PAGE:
The Wind Rises

Hayao Miyazki has made nine animated features, including ‘Princess Mononoke’ and ‘Spirited Away’ since he founded Studio Ghibli in 1985. Now, at the age of 72, the filmmaker has announced his retirement and so ‘The Wind Rises’ is his last picture. My guess is he will pass the reigns over to his son, Goro Miyazaki, whose animated feature ‘From Up On Poppy Hill’ played in limited release last year. 

Just this past week, we saw ‘Frozen’ win the Academy Award for Best Animated Feature. However, the picture that deserved the win in this category is ‘The Wind Rises’ if only for the beautiful way it captures the dream of flight. This isn’t the first Studio Ghibli production to feature flying machines (‘Castle in the Sky’, and ‘Howl’s Moving Castle’ come to mind). Even the name of the studio, Ghibli, means “wind”. To call Miyazaki an aviation enthusiast may be an understatement

It might seem crazy to say ‘The Wind Rises’ is grounded in reality but I’m going to say it. The best animated films make us forget that we’re watching artificially created characters and immerse us into the story. What’s especially distinctive about this work is the absence of fantastical elements, which is usually the trademark of Miyazaki’s features. Instead, this is something of a biopic; a story based on the life of Jiro Horikoshi. That is to say it is the story of a young man who pursues his dreams of being an aeronautical engineer in Japan during the 1930s.

What he ends up designing, though, is Japan’s zero fighter plane – which we know from History class was the aircraft used in the attack on Pearl Harbor. In his dreams, Jiro meets the Italian aircraft designer Count Gianni Caproni who shows off the nine-winged flying boat he would one day build and throws in several philosophical lemmas such as: i) airplanes are beautiful dreams, ii) engineers turn dreams into reality, iii) airplanes are not tools of war, iv) airplanes will be used to bomb cities.  Notice the conflicting nature of axioms iii and iv. Jiro seems aware of but seemingly unconcerned with how the fighter plane will be utilized by the military in the event of war.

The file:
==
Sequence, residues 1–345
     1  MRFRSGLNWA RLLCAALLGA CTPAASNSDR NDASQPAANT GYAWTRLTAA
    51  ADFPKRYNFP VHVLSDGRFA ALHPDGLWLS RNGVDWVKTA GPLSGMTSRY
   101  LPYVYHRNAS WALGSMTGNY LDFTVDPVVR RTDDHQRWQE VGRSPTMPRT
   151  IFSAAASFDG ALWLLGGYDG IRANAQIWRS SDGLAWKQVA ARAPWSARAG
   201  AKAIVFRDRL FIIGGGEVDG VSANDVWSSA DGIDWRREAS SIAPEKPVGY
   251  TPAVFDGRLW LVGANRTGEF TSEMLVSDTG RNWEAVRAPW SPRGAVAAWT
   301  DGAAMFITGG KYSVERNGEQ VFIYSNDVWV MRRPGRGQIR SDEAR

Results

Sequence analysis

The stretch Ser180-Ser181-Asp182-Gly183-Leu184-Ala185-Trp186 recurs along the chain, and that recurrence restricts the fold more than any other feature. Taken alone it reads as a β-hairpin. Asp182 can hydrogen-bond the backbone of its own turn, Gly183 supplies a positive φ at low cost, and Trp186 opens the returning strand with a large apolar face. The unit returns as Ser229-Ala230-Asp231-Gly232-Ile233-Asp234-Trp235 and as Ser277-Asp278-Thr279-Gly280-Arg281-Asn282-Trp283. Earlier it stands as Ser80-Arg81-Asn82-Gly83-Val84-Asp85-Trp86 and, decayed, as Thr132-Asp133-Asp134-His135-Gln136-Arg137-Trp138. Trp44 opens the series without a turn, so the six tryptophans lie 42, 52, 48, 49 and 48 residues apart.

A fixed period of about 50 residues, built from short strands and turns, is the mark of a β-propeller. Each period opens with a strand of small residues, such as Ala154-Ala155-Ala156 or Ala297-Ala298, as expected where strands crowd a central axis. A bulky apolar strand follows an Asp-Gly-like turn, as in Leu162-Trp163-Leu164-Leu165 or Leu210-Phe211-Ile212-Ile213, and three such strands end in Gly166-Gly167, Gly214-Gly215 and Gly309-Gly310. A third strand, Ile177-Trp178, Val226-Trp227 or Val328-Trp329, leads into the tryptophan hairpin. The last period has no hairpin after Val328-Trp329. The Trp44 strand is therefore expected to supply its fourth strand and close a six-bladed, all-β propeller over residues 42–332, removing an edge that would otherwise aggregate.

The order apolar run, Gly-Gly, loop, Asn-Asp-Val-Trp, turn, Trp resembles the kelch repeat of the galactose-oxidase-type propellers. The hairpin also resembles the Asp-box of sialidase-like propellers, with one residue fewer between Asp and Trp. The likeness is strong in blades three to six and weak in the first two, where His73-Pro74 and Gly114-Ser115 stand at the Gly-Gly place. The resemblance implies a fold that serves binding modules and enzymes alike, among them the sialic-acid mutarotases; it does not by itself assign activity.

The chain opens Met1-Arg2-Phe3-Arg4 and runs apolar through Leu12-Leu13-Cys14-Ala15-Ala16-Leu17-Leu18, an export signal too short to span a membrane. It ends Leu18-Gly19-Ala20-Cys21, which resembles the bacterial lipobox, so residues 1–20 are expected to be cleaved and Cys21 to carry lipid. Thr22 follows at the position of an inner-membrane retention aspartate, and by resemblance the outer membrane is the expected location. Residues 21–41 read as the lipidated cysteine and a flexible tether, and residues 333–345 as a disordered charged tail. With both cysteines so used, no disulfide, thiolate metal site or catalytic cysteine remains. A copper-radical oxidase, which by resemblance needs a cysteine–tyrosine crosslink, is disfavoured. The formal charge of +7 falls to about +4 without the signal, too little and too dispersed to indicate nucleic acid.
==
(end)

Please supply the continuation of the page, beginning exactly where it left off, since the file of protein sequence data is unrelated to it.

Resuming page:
Personally, I would have preferred a little more attention to Jiro’s inner conflict extending beyond his various dreamed interactions. Any ounce of self doubt or reservations about what he’s doing is shrugged off with serene resignation. He is fascinated with design, even mundane aspects, such as the curvature of a mackerel bone. Of course, such rudimentary fascinations eventually lead to more substantial scientific discoveries – for example, how flush rivets reduce drag.

There is a lot going on in this picture; on top of Jiro’s transition into adulthood and how that is shaped by Japan’s rigid nationalism, we get a glimpse into Japan’s tempestuous history between the two world wars (including the Kanto earthquake, the Great Depression, the tuberculosis epidemic, the thought police, and the nation’s dependence on Germany for technology).

But, what ‘The Wind Rises’ lacks in thematic elements it compensates for with a hypnotically mesmerizing visual palette. No one does dreams better than Miyazaki, particularly the dream of flight. The flying sequences, among others, are lyrical, luminous and painted with a surrealism-dabbed vibe, which makes it completely different from the photo-realistic image-sharp quality of today’s 3-D computer-animated features.

Some will dismiss the film as a celebration of a weapon’s designer. This is hard to argue, and consequently for such viewers, it will be difficult to see Jiro from a nonjudgmental lens. Somehow, I was able to, maybe because I saw the picture as a celebration of an artist actively pursuing his dreams. Especially true is the burden of trying to balance work life from family life (even when his new bride is dying from tuberculosis, Jiro remains hard at work).  

If this is indeed Miyazaki’s last film, he is certainly flying out on a high note. So, thank you, Hayou Miyazaki, for the cinematic memories you’ve given us for the last 30 years. ‘The Wind Rises’ is currently playing in an English-language dubbed version and in Japanese. A colleague of mine gave the picture a 3/4 star review claiming what hurt the picture was “brutal dubbing”. Lucky for me, I saw it in Japanese with excellent English subtitles and award the film 3.5/4 stars. You should too. QED. 

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